Shinica Thomas doesn’t have a daughter to dress in a green badge-covered Girl Scout vest. The 46-year-old, who serves as director of advocacy and educational partnerships for the NC Coastal Pines chapter, grew up in a family of Trinidadian immigrants surrounded by strong women but found herself raising two boys. That didn’t stop her from seeking out ways to lift up women in the community, from her work as the first vice president of the Democratic Women of Wake County to her dedication to the scouts. 

“I have 26,000 girls across 41 counties, Thomas says proudly. “Those are my girls.”

Thomas recently won the Wake County Democratic nomination to be on the ballot this fall for the Wake County Board of Commissioners—replacing now-Chair Greg Ford—where she will likely coast to victory this fall (a Republican hasn’t served on the board since 2014). Meanwhile, former board chair Jessica Holmes, who was the youngest candidate ever elected to serve on the WCBC, hopes to make history again with her run for state commissioner of labor. If she wins, she’ll be the first woman of color elected to the Council of State along with State Representative Yvonne Holley, who is vying for lieutenant governor. And just last week, the Raleigh City Council appointed attorney Stormie Forte to replace disgraced District D councilor Saige Martin, who resigned last month amid allegations of sexual misconduct. 

It’s a moment where these Black women are not just being chosen but rather seizing their opportunity to take a seat at the table.  

“Its long-overdue, meaning that Black women have always been there,” Thomas says. “We’ve always been positioned. We’ve always been dedicated enough. We’ve always been capable. We’ve always had the desire, we’ve just never been selected that level and this mass a scale. We are more than capable so I think its time.” 

Amid the backdrop of continued Black Lives Matter protests, the potential that these leaders could break glass ceilings, through election or appointment, is noteworthy. But none have been handed anything: Thomas and Forte went through an interview process and had to fight for their seats, bolstered of course by their long history of community service and involvement. 

And as Holley notes, when it comes to running for office Black women face an uphill battle  fundraising (she defeated State Senator Terry Van Duyn in the primary despite having raised $74,000 to Van Duyn’s $489,000 in the first quarter of the year.) 

“I won because I was the best-qualified candidate and I happen to be a Black woman,” Holley says. “Money is not donated to us like it’s donated to the others. We have to work a lot harder, a whole lot harder to get funds to run our campaigns. We are have also been known for making something out of nothing and making it. And everything isn’t for sale and everything isn’t about money.”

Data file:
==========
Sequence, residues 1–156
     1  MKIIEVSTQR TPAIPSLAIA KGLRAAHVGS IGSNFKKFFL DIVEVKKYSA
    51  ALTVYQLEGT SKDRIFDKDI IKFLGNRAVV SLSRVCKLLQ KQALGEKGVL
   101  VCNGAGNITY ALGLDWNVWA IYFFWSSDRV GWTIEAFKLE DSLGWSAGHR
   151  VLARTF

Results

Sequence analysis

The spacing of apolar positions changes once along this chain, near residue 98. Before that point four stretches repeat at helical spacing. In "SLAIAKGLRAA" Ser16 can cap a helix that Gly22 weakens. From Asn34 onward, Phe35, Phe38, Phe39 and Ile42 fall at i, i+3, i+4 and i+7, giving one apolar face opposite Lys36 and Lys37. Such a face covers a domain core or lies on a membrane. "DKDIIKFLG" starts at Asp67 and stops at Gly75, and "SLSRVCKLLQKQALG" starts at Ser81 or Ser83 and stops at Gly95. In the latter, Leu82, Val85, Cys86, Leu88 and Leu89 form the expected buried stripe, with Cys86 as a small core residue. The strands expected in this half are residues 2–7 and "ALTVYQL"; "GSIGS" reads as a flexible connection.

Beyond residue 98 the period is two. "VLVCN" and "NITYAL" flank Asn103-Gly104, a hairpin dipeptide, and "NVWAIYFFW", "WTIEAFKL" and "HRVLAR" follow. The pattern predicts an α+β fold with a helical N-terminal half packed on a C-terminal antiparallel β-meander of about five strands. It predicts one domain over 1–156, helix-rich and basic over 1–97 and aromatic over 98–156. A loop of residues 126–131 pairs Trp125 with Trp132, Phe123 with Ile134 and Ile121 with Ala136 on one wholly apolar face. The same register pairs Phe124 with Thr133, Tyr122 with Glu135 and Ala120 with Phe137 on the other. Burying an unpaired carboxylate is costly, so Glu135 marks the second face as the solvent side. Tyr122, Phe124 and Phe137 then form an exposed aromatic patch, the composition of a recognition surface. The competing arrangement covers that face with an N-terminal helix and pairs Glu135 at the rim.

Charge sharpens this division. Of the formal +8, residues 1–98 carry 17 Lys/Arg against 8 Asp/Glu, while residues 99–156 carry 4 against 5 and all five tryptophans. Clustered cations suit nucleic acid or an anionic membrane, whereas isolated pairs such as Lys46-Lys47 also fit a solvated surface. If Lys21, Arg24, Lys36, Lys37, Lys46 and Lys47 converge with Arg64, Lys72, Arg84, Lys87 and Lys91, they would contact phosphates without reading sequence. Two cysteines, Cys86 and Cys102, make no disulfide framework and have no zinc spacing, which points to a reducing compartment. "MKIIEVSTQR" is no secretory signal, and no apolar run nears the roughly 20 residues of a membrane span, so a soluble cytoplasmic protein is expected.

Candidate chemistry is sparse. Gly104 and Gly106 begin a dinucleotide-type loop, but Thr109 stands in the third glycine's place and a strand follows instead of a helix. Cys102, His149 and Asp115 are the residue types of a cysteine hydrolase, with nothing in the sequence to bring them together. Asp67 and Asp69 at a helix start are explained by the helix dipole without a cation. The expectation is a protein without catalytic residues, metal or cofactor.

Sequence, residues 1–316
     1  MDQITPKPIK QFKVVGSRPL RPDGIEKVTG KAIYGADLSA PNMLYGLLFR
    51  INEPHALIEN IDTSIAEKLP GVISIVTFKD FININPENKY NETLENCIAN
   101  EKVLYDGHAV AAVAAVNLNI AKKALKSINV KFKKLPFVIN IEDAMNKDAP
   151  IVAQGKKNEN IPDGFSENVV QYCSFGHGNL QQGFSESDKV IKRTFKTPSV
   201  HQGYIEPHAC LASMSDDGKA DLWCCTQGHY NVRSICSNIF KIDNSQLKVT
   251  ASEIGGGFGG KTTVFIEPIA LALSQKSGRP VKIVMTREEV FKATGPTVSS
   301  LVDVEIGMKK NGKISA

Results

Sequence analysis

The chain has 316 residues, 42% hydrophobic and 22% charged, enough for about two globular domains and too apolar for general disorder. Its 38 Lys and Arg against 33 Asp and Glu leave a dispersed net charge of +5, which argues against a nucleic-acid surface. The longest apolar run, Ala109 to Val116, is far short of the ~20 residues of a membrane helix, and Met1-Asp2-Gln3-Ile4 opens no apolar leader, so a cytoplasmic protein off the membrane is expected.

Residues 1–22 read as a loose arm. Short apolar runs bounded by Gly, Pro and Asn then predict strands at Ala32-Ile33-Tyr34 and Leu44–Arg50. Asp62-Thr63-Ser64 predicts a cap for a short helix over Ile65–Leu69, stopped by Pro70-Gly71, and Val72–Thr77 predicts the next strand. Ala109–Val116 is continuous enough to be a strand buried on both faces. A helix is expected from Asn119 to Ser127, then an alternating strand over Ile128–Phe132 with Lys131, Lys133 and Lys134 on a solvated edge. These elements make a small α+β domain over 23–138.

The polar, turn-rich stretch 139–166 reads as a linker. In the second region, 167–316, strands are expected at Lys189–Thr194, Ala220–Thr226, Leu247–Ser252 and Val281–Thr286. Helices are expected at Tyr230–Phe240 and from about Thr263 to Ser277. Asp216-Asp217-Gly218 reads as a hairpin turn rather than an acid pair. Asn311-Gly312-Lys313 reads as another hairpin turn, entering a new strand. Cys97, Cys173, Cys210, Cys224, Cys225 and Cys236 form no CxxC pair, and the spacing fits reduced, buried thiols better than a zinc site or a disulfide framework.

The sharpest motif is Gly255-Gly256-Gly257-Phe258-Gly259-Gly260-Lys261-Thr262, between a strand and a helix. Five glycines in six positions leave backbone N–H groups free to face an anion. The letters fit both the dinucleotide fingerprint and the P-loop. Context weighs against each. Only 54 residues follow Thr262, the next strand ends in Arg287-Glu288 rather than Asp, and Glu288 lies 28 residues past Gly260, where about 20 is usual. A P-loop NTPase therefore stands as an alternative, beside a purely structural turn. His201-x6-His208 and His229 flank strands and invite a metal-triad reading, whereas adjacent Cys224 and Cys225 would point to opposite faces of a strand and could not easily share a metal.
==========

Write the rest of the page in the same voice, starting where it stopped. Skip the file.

When Holmes first ran for county office, she says she didn’t see herself represented in local government. Should she win, her face will be displayed in every elevator in the state, sending a powerful message to women and girls of color. It’s a pivotal moment, but more than that, an opportunity, Holmes says. 

“We, as Black women, are recognizing not only the power of our vote but the power of our voices at the table and we are rising to the occasion. We are seizing opportunities that have long been denied to us for far too long,” Holmes said. “Denied to us because we didn’t believe we belonged at the table, and now we are pushing the envelope, and we are not just marching, we are not just being the backbone of the Democratic Party, but we are stepping up to say we have earned this, we deserve it, and we will take our seat at that table.”

Still, the Black community isn’t a monolith. Stormie Forte’s nomination spurred some criticism from folks who worried she will side with the current council’s pro-development agenda. But Forte wasn’t picked to pony up to Mayor Mary-Ann Baldwin. She’s an attorney with a lengthy history of service in the community, political involvement, and advocacy who won the endorsement on the strength of her detailed policy proposal and qualifications. 

Forte, who didn’t return the INDY’s request for comment, isn’t just the first Black woman to serve on the council. She’s also the first person of color ever elected outside District C and the council’s first lesbian. 

“I’m looking forward to serving the residents of District D as well as the residents of the city,” Forte said at her swearing-in ceremony last week. 

While Holley was pleased with Forte’s appointment, she says, “I won’t be satisfied until we win.”

“Until African Americans win at the ballot box, that’s what’s in important,” Holley says.

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